2 The justification of this need of reason to rest upon a free act as the first beginning of the series of natural causes is evident from the fact, that all philosophers of antiquity (with the exception of the Epicurean school) felt themselves obliged, when constructing a theory of the motions of the universe, to accept a prime mover, that is, a freely acting cause, which spontaneously and prior to all other causes evolved this series of states. They always felt the need of going beyond mere nature, for the purpose of making a first beginning comprehensible. But if the existence of a transcendental faculty of freedom is granted a faculty of originating changes in the world this faculty must at least exist out of and apart from the world; although it is certainly a bold assumption, that, over and above the complete content of all possible intuitions, there still exists an object which cannot be presented in any possible perception. But, to attribute to substances in the world itself such a faculty, is quite inadmissible; for, in this case; the connection of phenomena reciprocally determining and determined according to general laws, which is termed nature, and along with it the criteria of empirical truth, which enable us to distinguish experience from mere visionary dreaming, would almost entirely disappear. For, alongside such a lawless faculty of freedom, a system of nature is hardly thinkable; for the laws of the latter would be continually subject to the intrusive influences of the former, and the course of phenomena, which would otherwise proceed regularly and uniformly, would become thereby confused and disconnected. From: A532/B560 A541/569 There are only two ways that one can think of causality: the causality of nature or of freedom. The first is the conjunction of a particular state with another preceding it in the world of sense, the former following the latter by virtue of a law. We must understand, on the contrary, by the term freedom in the cosmological sense, a faculty of the spontaneous origination of a state; the causality of which, therefore, is not subordinated to another cause determining it in time. Freedom is in this sense a pure transcendental idea, which, in the first place, contains no empirical element; the object of which, in the second place, cannot be given or determined in any experience, because it is a universal law of the very possibility of experience, that everything which happens must have a cause, that 2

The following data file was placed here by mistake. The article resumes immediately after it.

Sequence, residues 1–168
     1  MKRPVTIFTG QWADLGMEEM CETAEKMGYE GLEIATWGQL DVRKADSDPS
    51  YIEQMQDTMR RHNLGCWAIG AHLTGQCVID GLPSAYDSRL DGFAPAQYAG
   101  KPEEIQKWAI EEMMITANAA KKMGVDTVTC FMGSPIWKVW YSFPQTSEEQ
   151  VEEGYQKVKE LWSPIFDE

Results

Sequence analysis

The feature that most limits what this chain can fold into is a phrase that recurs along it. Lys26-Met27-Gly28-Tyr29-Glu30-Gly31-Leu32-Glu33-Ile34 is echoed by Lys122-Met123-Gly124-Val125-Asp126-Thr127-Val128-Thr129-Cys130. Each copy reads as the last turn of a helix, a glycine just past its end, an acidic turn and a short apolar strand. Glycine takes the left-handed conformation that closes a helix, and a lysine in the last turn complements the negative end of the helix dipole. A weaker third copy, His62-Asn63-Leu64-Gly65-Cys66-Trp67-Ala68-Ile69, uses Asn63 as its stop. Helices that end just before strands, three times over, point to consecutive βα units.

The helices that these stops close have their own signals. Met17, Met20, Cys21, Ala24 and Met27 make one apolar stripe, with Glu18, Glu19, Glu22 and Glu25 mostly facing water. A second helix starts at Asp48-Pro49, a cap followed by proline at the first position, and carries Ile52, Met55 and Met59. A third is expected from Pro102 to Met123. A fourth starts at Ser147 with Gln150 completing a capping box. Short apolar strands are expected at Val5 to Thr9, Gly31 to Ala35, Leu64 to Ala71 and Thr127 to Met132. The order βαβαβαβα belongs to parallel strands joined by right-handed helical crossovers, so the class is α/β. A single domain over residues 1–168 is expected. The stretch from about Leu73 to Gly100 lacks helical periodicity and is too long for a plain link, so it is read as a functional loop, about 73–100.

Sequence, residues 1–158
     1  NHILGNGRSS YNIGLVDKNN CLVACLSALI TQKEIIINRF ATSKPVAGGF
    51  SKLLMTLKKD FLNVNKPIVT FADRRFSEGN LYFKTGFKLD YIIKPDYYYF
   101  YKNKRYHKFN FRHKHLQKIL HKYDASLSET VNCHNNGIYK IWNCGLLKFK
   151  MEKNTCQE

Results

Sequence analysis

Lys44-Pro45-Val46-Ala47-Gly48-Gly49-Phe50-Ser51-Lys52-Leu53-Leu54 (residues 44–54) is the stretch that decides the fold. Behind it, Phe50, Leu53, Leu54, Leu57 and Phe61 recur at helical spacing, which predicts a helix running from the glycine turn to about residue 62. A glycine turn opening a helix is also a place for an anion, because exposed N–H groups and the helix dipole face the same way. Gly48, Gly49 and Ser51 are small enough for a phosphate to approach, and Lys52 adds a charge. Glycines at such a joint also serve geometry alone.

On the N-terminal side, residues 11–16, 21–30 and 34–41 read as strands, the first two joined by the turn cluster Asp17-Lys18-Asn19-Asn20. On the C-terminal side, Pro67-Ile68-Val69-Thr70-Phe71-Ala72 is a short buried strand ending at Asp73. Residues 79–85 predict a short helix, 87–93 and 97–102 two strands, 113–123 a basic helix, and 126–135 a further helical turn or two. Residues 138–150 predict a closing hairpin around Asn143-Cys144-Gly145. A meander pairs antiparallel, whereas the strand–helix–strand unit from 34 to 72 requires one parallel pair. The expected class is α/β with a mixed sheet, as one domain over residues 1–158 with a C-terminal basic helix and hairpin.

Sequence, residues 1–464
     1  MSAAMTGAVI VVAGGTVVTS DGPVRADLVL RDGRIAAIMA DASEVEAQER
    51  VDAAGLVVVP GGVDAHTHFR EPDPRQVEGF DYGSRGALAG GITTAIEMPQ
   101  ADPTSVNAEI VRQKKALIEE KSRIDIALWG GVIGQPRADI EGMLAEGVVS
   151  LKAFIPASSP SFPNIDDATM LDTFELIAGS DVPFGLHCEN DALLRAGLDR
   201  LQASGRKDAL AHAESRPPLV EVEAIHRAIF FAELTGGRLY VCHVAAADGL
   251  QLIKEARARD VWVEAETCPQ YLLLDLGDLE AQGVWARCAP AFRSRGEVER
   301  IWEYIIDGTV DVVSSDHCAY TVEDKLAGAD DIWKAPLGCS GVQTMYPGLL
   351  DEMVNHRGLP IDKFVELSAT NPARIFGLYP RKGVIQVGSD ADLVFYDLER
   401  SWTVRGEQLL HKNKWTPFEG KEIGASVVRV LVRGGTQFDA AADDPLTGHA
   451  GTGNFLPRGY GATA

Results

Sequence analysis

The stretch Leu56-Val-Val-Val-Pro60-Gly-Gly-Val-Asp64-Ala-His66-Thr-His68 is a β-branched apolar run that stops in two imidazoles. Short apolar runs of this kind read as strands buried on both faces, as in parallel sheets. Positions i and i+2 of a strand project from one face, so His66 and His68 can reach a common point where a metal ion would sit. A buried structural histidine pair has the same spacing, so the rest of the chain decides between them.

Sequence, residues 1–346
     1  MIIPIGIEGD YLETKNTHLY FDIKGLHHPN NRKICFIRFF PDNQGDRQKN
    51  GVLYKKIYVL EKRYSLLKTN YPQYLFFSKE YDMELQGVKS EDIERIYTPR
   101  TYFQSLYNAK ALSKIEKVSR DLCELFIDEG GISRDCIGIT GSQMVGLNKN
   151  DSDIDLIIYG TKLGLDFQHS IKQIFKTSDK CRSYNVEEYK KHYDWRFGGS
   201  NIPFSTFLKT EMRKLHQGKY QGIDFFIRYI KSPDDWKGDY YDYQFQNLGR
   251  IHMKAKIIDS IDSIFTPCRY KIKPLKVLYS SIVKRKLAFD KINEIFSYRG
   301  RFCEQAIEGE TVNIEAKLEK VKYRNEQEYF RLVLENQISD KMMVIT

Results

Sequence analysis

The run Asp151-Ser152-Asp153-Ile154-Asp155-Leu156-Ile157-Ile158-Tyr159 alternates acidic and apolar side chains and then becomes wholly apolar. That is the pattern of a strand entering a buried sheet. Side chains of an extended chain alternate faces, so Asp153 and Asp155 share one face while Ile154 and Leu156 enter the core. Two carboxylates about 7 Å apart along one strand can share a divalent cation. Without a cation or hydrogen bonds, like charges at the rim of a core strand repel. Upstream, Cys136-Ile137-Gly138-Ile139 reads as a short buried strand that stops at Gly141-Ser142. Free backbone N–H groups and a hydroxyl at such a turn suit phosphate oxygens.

3 consequently the causality of a cause, being itself something that has happened, must also have a cause. In this view of the case, the whole field of experience, how far soever it may extend, contains nothing that is not subject to the laws of nature. But, as we cannot by this means attain to an absolute totality of conditions in reference to the series of causes and effects, reason creates the idea of a spontaneity, which can begin to act of itself, and without any external cause determining it to action, according to the natural law of causality. Freedom, in the practical sense, is the independence of the will of coercion by sensuous impulses. A will is sensuous, in so far as it is pathologically affected (by sensuous impulses); it is called an animal power of choice when it is pathologically necessitated. The human will is called a sensible power of choice, not an animal one, but free; because sensuousness does not necessitate its action, but in the human being there is a faculty of self-determination, independently of all sensuous coercion. It is plain that, if all causality in the world of sense were mere nature, every event would be determined by another according to necessary laws, and that, consequently, phenomena, in so far as they determine the will, must necessitate every action as a natural effect from themselves; and thus all practical freedom would fall to the ground with the transcendental idea. For the latter presupposes that although a certain thing has not happened, it ought to have happened, and that, consequently, its phenomenal cause was not so powerful and determinative as to exclude the causality of our will a causality capable of producing effects independently of and even in opposition to the power of natural causes, and capable, consequently, of spontaneously originating a series of events. The question, then, suggests itself, whether freedom is possible; and, if it is, whether it can co-exist with the universality of the natural law of causality; and, consequently, whether we enounce a proper disjunctive proposition when we say: "Every effect must have its origin either in nature or in freedom," or whether both cannot exist together in the same event in different relations. The principle of an unbroken connection between all events in the phenomenal world, in accordance with the unchangeable laws of nature, is a well-established principle of transcendental analytic which admits of no exception. The question, therefore, is: Whether an effect, determined according to the laws of nature, can at the same time be 3